Neighbours’ noise concern over Eaton Socon water screw power plan

The Rivermill Tavern, Eaton Socon. Picture: ROGER SKILLIN

The Rivermill Tavern, Eaton Socon. Picture: ROGER SKILLIN - Credit: Archant

A plan to install a state-of-the-art water screw in Eaton Socon that could generate enough electricity for 40 homes has been described as “unacceptable” by neighbours.

If Huntingdonshire District Council (HDC) grants planning permission for the micro hydro scheme, which will use a three metre-wide Archimedean screw connected to a generator, it will be installed on the River Great Ouse behind the Rivermill Tavern in School Lane.

Applicant Doug Barns, who lives at Mill House in School Lane with his family and owns the freehold of the pub, said he hoped the scheme would become a focal point and provide low carbon electricity.

But several neighbours have formally objected to the plan as they are concerned about noise, environmental impact and parking, which is already a problem in neighbouring streets.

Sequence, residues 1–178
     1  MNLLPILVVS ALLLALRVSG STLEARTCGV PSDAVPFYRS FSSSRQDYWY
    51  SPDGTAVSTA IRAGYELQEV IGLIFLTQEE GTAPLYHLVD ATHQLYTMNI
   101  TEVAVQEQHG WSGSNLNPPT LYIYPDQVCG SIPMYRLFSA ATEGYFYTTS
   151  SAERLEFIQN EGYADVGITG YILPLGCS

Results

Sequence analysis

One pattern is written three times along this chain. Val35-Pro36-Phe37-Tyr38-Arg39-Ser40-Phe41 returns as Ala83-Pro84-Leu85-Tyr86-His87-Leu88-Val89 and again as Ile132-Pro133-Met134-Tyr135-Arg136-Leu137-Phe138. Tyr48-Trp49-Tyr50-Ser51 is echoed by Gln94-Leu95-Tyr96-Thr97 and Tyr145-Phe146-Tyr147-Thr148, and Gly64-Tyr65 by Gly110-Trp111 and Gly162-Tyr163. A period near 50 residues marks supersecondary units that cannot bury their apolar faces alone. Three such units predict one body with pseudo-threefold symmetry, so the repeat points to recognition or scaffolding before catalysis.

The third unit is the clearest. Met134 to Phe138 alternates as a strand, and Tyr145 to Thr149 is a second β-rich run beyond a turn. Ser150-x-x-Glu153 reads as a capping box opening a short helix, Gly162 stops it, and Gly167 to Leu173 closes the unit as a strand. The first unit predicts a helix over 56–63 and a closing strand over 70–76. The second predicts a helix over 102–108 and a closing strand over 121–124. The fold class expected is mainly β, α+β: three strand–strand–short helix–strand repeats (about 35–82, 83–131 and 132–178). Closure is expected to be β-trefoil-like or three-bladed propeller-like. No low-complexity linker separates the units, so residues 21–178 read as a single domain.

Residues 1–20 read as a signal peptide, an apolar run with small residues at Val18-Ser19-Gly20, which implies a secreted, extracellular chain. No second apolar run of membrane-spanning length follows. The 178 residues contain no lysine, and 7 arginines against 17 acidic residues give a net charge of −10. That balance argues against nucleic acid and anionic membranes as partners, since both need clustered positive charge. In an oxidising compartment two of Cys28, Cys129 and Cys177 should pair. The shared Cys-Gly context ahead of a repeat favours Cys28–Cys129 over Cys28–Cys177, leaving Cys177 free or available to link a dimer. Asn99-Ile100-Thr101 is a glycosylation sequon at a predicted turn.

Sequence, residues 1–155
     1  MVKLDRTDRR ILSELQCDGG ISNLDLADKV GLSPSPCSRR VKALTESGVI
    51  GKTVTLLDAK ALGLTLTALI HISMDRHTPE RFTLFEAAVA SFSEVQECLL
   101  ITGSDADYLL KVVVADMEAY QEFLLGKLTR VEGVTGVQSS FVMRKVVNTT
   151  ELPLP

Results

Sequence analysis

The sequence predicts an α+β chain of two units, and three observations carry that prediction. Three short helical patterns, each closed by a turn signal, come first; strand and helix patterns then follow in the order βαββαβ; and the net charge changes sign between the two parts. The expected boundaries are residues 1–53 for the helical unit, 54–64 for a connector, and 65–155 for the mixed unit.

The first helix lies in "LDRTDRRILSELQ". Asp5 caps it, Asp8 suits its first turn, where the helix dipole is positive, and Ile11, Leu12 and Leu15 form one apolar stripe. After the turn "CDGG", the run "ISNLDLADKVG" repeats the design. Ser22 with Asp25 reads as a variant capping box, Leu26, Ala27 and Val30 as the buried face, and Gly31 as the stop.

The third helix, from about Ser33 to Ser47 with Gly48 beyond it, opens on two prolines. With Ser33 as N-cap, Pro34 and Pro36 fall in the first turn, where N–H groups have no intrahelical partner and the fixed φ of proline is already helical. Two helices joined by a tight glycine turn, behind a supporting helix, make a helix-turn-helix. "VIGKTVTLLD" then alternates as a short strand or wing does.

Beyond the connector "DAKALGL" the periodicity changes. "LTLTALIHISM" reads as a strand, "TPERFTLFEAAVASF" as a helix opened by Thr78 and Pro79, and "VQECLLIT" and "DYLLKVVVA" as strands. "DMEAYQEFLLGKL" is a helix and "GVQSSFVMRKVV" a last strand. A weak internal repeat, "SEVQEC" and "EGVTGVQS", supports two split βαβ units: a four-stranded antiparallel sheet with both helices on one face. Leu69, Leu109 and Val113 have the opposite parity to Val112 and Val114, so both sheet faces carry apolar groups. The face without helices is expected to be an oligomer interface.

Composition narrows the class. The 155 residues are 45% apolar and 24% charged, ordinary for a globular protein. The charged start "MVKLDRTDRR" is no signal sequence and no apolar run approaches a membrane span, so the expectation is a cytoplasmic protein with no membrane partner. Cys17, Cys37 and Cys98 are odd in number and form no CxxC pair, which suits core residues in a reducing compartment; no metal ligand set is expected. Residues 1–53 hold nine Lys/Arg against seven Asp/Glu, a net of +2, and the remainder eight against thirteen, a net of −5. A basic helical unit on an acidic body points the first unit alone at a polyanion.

Kev Eastham, who lives in nearby Ackerman Street, said he had major concerns. “It sounds like a great idea to bring people to the area but the planners need to think about the environmental impact.

“They play live music at the

pub on Tuesdays and Thursdays but at least that stops at a reasonable time whereas this will be all day and all night.”

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Mr Eastham said he had visited other water schemes and described the sound of the blades hitting the water as a “booming noise”.

Other objectors said the screw would destroy a “peaceful and tranquil setting” and “cause misery and blight on a large number of homes”.

Some had fears that the noise would mean they would not be able to open their windows or sit in their gardens.

HDC’s environmental protection officer, Aaron Morley, said he had no objection providing “mitigation measures are adhered to” and “noise conditions are set”.

The Wildlife Trust has asked that “appropriate measures” be put in place during construction to protect wildlife and the applicant considers enhancing the natural features of the river during the process.

Mr Barns told The Hunts Post the screw “rotates quite slowly” and would be housed in a concrete shed which would dampen down the noise.

“I have sat down with environmental health officers and they have measured the noise at other sites and I am confident that it will not be an issue,” he said.

The planning application should be heard in the next six weeks.